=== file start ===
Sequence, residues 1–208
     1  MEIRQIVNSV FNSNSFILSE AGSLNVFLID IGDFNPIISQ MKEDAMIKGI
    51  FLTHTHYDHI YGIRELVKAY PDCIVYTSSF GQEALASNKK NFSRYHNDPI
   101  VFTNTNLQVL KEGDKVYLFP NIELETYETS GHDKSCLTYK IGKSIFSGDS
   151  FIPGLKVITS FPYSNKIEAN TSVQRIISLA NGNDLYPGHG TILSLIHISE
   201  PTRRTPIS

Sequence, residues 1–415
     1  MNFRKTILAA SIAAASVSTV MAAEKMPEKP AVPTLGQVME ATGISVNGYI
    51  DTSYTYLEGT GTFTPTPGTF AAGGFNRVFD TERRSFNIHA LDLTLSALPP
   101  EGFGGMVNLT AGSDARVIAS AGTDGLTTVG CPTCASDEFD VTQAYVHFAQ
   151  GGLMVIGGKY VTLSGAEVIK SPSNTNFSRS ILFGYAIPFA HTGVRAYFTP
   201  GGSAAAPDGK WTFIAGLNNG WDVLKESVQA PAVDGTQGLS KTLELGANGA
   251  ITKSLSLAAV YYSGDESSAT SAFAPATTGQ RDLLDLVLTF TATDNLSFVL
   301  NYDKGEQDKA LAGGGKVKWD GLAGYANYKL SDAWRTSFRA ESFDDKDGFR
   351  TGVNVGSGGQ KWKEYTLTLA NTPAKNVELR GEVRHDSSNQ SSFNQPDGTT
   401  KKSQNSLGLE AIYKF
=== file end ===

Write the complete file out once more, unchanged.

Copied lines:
Sequence, residues 1–208
     1  MEIRQIVNSV FNSNSFILSE AGSLNVFLID IGDFNPIISQ MKEDAMIKGI
    51  FLTHTHYDHI YGIRELVKAY PDCIVYTSSF GQEALASNKK NFSRYHNDPI
   101  VFTNTNLQVL KEGDKVYLFP NIELETYETS GHDKSCLTYK IGKSIFSGDS
   151  FIPGLKVITS FPYSNKIEAN TSVQRIISLA NGNDLYPGHG TILSLIHISE
   201  PTRRTPIS

Sequence, residues 1–415
     1  MNFRKTILAA SIAAASVSTV MAAEKMPEKP AVPTLGQVME ATGISVNGYI
    51  DTSYTYLEGT GTFTPTPGTF AAGGFNRVFD TERRSFNIHA LDLTLSALPP
   101  EGFGGMVNLT AGSDARVIAS AGTDGLTTVG CPTCASDEFD VTQAYVHFAQ
   151  GGLMVIGGKY VTLSGAEVIK SPSNTNFSRS ILFGYAIPFA HTGVRAYFTP
   201  GGSAAAPDGK WTFIAGLNNG WDVLKESVQA PAVDGTQGLS KTLELGANGA
   251  ITKSLSLAAV YYSGDESSAT SAFAPATTGQ RDLLDLVLTF TATDNLSFVL
   301  NYDKGEQDKA LAGGGKVKWD GLAGYANYKL SDAWRTSFRA ESFDDKDGFR
   351  TGVNVGSGGQ KWKEYTLTLA NTPAKNVELR GEVRHDSSNQ SSFNQPDGTT
   401  KKSQNSLGLE AIYKF